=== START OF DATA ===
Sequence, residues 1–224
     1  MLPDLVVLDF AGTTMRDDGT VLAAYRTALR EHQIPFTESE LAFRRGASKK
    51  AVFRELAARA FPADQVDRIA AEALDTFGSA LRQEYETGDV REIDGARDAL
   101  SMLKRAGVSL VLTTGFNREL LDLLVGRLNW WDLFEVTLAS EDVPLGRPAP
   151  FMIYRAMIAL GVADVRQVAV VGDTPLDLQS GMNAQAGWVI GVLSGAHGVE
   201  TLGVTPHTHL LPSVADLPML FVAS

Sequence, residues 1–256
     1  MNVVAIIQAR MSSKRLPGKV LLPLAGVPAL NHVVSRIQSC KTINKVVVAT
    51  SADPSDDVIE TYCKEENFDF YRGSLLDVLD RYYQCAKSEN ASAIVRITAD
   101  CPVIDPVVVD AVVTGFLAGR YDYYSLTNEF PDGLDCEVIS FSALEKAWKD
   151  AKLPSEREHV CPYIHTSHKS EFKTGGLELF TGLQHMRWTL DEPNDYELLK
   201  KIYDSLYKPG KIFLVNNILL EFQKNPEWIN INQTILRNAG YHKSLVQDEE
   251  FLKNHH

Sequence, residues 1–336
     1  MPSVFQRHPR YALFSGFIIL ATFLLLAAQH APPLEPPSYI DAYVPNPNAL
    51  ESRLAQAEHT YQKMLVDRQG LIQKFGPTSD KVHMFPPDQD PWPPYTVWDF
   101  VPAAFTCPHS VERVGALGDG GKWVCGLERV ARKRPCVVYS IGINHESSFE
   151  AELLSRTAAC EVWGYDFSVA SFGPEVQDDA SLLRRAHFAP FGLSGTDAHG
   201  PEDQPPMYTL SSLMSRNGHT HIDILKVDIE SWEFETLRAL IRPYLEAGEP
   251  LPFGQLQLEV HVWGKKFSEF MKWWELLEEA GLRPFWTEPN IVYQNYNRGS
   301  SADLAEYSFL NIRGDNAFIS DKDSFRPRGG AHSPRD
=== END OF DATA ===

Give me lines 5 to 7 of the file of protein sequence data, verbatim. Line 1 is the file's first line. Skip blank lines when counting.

   151  FMIYRAMIAL GVADVRQVAV VGDTPLDLQS GMNAQAGWVI GVLSGAHGVE
   201  TLGVTPHTHL LPSVADLPML FVAS

Sequence, residues 1–256